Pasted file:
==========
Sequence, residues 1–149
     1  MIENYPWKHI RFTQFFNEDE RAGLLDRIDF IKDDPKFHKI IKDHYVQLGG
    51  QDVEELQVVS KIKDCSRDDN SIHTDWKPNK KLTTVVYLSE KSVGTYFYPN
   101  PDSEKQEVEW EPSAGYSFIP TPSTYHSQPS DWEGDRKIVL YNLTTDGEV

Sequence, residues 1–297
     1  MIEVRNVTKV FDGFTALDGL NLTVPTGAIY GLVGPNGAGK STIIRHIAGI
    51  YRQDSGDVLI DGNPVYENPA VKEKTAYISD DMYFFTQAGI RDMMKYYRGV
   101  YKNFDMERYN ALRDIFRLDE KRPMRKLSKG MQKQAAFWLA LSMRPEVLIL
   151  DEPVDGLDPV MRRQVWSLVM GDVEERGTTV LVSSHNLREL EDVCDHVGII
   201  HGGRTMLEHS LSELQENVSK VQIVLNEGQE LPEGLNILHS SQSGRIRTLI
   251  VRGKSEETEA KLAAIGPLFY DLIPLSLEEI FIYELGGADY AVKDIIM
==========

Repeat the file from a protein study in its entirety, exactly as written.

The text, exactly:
Sequence, residues 1–149
     1  MIENYPWKHI RFTQFFNEDE RAGLLDRIDF IKDDPKFHKI IKDHYVQLGG
    51  QDVEELQVVS KIKDCSRDDN SIHTDWKPNK KLTTVVYLSE KSVGTYFYPN
   101  PDSEKQEVEW EPSAGYSFIP TPSTYHSQPS DWEGDRKIVL YNLTTDGEV

Sequence, residues 1–297
     1  MIEVRNVTKV FDGFTALDGL NLTVPTGAIY GLVGPNGAGK STIIRHIAGI
    51  YRQDSGDVLI DGNPVYENPA VKEKTAYISD DMYFFTQAGI RDMMKYYRGV
   101  YKNFDMERYN ALRDIFRLDE KRPMRKLSKG MQKQAAFWLA LSMRPEVLIL
   151  DEPVDGLDPV MRRQVWSLVM GDVEERGTTV LVSSHNLREL EDVCDHVGII
   201  HGGRTMLEHS LSELQENVSK VQIVLNEGQE LPEGLNILHS SQSGRIRTLI
   251  VRGKSEETEA KLAAIGPLFY DLIPLSLEEI FIYELGGADY AVKDIIM